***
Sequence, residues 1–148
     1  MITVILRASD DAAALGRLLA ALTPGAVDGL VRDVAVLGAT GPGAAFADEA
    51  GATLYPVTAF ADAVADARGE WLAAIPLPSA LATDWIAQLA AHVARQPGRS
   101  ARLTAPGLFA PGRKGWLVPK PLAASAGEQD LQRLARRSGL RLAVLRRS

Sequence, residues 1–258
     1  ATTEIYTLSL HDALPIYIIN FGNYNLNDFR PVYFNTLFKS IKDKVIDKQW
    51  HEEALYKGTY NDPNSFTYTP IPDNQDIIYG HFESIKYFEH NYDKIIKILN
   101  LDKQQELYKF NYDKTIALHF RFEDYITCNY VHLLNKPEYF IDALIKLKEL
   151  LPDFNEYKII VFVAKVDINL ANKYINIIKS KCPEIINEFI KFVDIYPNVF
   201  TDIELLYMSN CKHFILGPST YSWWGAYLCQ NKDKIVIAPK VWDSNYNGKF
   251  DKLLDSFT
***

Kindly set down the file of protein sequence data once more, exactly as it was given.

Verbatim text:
Sequence, residues 1–148
     1  MITVILRASD DAAALGRLLA ALTPGAVDGL VRDVAVLGAT GPGAAFADEA
    51  GATLYPVTAF ADAVADARGE WLAAIPLPSA LATDWIAQLA AHVARQPGRS
   101  ARLTAPGLFA PGRKGWLVPK PLAASAGEQD LQRLARRSGL RLAVLRRS

Sequence, residues 1–258
     1  ATTEIYTLSL HDALPIYIIN FGNYNLNDFR PVYFNTLFKS IKDKVIDKQW
    51  HEEALYKGTY NDPNSFTYTP IPDNQDIIYG HFESIKYFEH NYDKIIKILN
   101  LDKQQELYKF NYDKTIALHF RFEDYITCNY VHLLNKPEYF IDALIKLKEL
   151  LPDFNEYKII VFVAKVDINL ANKYINIIKS KCPEIINEFI KFVDIYPNVF
   201  TDIELLYMSN CKHFILGPST YSWWGAYLCQ NKDKIVIAPK VWDSNYNGKF
   251  DKLLDSFT